GEORGE BUSH gave a slap in the face to the world's efforts to combat climate change yesterday when he abandoned a campaign promise to regulate power station emissions of carbon dioxide (CO2), the "greenhouse gas" believed to cause global warming.
His decision, which gravely threatens the already weak US commitment to the Kyoto Protocol, the 1997 climate change treaty, was lambasted by environmentalists in the US and across the world, who accused Mr Bush of betrayal and selling out to the energy industry.
The US is the biggest emitter of CO2, with just four per cent of the world's population producing nearly a quarter of the global total, and the President's move, while not directly linked to the protocol, will seriously affect the ability of the United States to meet the emissions reduction targets it promised under the treaty.
Mr Bush's move came as scientists found the first direct evidence that the greenhouse effect has become significantly stronger over the past 30 years, causing the global warming detected by climatologists. Greenhouse gases, such as CO2, now play a far greater role in trapping solar radiation - which would otherwise be reflected by the Earth back into space - than a generation ago, the study found.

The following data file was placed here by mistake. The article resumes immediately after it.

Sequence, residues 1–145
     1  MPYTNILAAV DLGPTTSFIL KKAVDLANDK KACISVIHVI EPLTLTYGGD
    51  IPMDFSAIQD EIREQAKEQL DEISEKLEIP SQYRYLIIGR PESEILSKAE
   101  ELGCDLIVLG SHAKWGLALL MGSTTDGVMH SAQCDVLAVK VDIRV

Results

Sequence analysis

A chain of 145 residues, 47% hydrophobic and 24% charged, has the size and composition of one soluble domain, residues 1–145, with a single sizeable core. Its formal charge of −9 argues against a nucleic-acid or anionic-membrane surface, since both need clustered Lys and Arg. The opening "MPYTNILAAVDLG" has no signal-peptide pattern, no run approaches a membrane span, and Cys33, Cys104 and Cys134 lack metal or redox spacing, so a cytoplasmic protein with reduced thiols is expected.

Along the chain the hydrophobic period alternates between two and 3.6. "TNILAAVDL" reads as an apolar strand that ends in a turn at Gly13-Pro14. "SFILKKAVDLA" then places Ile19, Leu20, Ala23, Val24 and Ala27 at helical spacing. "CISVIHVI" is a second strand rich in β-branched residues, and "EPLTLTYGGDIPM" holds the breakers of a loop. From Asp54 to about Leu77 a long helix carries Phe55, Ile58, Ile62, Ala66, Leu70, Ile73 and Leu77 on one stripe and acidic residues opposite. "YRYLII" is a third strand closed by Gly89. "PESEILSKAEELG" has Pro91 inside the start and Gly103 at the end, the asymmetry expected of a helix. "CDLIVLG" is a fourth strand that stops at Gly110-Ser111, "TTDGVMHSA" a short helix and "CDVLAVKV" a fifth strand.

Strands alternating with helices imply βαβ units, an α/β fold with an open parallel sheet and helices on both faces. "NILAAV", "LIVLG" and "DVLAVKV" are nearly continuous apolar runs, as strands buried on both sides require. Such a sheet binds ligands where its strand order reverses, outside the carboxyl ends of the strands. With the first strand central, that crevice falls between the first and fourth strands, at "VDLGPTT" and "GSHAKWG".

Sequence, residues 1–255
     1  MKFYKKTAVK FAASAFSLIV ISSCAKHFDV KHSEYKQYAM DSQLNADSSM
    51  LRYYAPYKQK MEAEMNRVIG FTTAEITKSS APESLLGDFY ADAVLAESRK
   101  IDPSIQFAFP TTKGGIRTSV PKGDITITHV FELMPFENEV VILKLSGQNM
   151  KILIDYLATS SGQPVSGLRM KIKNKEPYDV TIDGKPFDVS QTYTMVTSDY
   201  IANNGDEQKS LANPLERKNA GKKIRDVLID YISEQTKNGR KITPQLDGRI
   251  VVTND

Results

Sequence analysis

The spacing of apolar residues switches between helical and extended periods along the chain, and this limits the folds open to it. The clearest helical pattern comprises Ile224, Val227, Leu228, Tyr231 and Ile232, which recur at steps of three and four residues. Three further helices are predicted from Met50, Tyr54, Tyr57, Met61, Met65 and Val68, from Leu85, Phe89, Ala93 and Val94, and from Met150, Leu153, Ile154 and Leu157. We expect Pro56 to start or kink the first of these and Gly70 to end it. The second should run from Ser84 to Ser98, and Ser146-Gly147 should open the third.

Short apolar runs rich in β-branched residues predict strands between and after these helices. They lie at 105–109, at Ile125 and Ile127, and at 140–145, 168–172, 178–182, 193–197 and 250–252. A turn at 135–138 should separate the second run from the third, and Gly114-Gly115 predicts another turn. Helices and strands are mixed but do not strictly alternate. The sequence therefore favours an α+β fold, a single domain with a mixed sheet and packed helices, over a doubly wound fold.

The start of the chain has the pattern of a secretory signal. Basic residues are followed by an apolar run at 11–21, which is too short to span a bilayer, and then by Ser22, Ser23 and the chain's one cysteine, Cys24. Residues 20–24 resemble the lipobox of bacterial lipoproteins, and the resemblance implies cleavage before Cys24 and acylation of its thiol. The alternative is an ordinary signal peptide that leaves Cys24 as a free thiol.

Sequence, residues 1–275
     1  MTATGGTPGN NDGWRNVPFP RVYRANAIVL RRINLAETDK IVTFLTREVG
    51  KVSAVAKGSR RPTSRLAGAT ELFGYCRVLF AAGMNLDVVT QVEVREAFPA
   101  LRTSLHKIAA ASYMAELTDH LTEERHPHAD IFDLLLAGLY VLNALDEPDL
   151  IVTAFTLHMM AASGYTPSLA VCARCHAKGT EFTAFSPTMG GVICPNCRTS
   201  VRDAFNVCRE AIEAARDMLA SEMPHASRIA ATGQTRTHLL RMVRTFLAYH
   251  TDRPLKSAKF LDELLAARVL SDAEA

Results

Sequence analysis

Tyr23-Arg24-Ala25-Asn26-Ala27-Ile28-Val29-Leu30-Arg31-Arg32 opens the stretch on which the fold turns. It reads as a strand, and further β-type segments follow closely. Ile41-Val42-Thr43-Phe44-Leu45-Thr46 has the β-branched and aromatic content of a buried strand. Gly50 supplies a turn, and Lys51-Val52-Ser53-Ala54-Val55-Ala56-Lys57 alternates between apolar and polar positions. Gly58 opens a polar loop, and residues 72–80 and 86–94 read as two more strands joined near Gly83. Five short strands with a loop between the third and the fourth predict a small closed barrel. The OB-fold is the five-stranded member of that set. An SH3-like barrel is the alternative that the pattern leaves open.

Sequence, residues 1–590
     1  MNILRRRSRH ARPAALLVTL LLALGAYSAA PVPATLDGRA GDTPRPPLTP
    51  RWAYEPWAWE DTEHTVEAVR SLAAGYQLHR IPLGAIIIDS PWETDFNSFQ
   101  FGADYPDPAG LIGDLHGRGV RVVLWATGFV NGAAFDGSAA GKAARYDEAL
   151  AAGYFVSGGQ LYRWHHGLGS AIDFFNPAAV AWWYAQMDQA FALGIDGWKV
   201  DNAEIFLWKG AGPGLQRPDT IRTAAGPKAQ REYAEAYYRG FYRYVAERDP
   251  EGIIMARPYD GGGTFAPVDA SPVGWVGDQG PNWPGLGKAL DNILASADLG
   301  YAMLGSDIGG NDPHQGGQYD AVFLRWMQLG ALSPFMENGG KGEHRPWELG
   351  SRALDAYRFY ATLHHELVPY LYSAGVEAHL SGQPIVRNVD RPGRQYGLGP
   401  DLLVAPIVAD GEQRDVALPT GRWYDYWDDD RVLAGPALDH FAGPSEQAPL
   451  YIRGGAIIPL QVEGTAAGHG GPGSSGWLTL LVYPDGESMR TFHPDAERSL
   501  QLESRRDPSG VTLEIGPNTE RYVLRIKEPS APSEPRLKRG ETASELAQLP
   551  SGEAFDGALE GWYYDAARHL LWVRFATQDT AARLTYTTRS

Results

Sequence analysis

US reluctance to meet its Kyoto commitments led to the collapse of talks on the protocol in The Hague in November. Negotiations are set to resume in July in Bonn, Germany, but the latest move will not inspire confidence that the USA will ever deliver on its promises.
"President Bush's decision sends a negative signal to the rest of the world about US willingness to curb pollution," said Tony Juniper, of Friends of the Earth International. "If the world is to avoid a catastrophe it is essential for the US to take a lead in tackling the profligate use of fossil fuels."
Mr Bush's abandonment of a campaign promise to regulate power station's CO2 emissions was the first major U-turn of his presidency. The President said that new evidence indicated that the proposed controls would do more harm than good.
A former oil man who received generous campaign donations from the energy sector, Mr Bush argued during the election that many of the curbs imposed by the Clinton Administration were too onerous.
Furious environmental campaigners concluded that Mr Bush had been nobbled by the energy industry and its many well-funded Republican supporters in Congress.
"We're extremely distressed to read this. It sounds like Bush is bowing to heavy lobbying pressure from business interests and making a complete U-turn on a campaign promise he made," said Allen Mattison, of the Sierra Club environmental pressure group. …